Role in violent conflicts

Mosque in Gaza, destroyed during the Gaza War in 2009

As they are considered important to the Muslim community, mosques, like other places of worship, can be at the heart of social conflicts. The Babri Mosque was the subject of such a conflict up until the early 1990s when it was demolished. Before a mutual solution could be devised, the mosque was destroyed on December 6, 1992 as the mosque was built by Babur allegedly on the site of a previous Hindu temple marking the birthplace of Rama.[73] The controversy surrounded the mosque was directly linked to rioting in Bombay (present-day Mumbai) as well as bombings in 1993 that killed 257 people.[74]

Bombings in February 2006 and June 2007 seriously damaged Iraq's al-Askari Mosque and exacerbated existing tensions. Other mosque bombings in Iraq, both before and after the February 2006 bombing, have been part of the conflict between the country's groups of Muslims. However, mosque bombings have not been exclusive to Iraq; in June 2005, a suicide bomber killed at least 19 people at an Afghan Shia mosque near Jade Maivand.[75] In April 2006, two explosions occurred at India's Jama Masjid.[76][77] Following the al-Askari Mosque bombing in Iraq, imams and other Islamic leaders used mosques and Friday prayers as vehicles to call for calm and peace in the midst of widespread violence.[78]

A study 2005 indicated that while support for suicide bombings is not correlated with personal devotion to Islam among Palestinian Muslims, it is correlated with mosque attendance because "participating in communal religious rituals of any kind likely encourages support for self-sacrificing behaviors that are done for the collective good."[79]

Following the September 11 attacks, several American mosques were targeted in attacks ranging from simple vandalism to arson.[80] Furthermore, the Jewish Defense League was suspected of plotting to bomb the King Fahd Mosque in Culver City, California.[81] Similar attacks occurred throughout the United Kingdom following the 7 July 2005 London bombings. Outside the Western world, in June 2001, the Hassan Bek Mosque was the target of vandalism and attacks by hundreds of Israelis after a suicide bomber killed 19 people in a night club in Tel Aviv.[82][83][84] Although mosquegoing is highly encouraged for men, it is permitted to stay at home when one feels at risk from Islamophobic persecution.[85]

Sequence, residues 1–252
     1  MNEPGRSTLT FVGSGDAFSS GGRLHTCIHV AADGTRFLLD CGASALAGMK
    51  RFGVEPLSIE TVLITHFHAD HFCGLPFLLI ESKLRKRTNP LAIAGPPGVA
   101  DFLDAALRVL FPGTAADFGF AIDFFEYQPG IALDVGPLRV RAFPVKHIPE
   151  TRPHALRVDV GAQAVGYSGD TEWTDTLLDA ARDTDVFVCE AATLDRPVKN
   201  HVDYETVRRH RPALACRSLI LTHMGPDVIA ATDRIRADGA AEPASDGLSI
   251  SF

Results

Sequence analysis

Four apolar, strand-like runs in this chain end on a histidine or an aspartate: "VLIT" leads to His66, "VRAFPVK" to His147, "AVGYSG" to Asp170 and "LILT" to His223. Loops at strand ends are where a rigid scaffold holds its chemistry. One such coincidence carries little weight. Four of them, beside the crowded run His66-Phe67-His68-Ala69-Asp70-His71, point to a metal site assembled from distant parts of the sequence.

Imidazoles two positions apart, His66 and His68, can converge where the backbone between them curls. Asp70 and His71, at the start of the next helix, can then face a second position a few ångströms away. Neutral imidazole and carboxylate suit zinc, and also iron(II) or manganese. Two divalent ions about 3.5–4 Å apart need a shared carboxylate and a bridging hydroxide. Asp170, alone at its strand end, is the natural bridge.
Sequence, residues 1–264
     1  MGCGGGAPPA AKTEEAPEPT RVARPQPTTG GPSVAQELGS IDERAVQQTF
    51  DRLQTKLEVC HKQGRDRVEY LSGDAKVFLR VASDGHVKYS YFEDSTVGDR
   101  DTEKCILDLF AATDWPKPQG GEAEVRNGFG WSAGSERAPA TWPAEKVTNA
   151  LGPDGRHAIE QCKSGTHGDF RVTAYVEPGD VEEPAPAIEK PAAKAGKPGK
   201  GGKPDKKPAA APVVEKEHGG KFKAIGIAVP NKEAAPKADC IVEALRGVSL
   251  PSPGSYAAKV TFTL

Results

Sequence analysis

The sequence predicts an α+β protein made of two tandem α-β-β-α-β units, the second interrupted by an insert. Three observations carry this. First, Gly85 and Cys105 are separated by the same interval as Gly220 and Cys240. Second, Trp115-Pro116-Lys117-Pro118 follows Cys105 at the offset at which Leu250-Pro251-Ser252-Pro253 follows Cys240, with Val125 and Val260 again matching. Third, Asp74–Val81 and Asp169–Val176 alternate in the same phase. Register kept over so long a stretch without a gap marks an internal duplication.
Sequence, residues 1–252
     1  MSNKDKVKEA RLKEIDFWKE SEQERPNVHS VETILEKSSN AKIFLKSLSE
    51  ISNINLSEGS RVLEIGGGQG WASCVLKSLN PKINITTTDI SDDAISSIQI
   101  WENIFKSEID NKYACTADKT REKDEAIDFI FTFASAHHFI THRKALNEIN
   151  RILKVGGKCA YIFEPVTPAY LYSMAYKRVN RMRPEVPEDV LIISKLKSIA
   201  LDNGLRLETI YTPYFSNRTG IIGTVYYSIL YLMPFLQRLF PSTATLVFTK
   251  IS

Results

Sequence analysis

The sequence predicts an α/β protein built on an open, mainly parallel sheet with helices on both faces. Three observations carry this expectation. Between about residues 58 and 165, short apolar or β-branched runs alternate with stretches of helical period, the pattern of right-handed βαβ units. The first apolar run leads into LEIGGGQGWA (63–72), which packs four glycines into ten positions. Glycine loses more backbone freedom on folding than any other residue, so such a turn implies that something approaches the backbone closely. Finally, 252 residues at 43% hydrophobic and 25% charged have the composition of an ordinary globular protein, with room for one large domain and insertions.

Saudi influence

Funded by King Faisal of Saudi Arabia, the Faisal Mosque in Islamabad is the largest mosque in Pakistan

Although the Saudi involvement in Sunni mosques around the world can be traced back to the 1960s, it was not until later in the 20th century that the government of Saudi Arabia became a large influence in foreign Sunni mosques.[86] Beginning in the 1980s, the Saudi Arabian government began to finance the construction of Sunni mosques in countries around the world. An estimated US$45 billion has been spent by the Saudi Arabian government financing mosques and Sunni Islamic schools in foreign countries. Ain al-Yaqeen, a Saudi newspaper, reported in 2002 that Saudi funds may have contributed to building as many as 1,500 mosques and 2,000 other Islamic centers.[87]

Saudi citizens have also contributed significantly to mosques in the Islamic world, especially in countries where they see Muslims as poor and oppressed. Following the fall of the Soviet Union, in 1992, mosques in war-torn Afghanistan saw many contributions from Saudi citizens.[86] The King Fahd Mosque in Culver City, California and the Islamic Cultural Center of Italy in Rome represent two of Saudi Arabia's largest investments in foreign mosques as former Saudi king Fahd bin Abdul Aziz al-Saud contributed US$8 million[86] and US$50 million[88] to the two mosques, respectively.

Political controversy

In the western world, and in the United States in particular, Anti-Muslim sentiment and targeted domestic policy has created challenges for mosques and those looking to build them. There has been government and police surveillance of mosques in the US[89] and local attempts to ban mosques and block constructions,[90] despite data showing that in fact, most Americans opposing banning the building of mosques (79%) and the surveillance of U.S. mosques (63%) as shown in a 2018 study done by the Institute for Social Policy and Understanding.[91]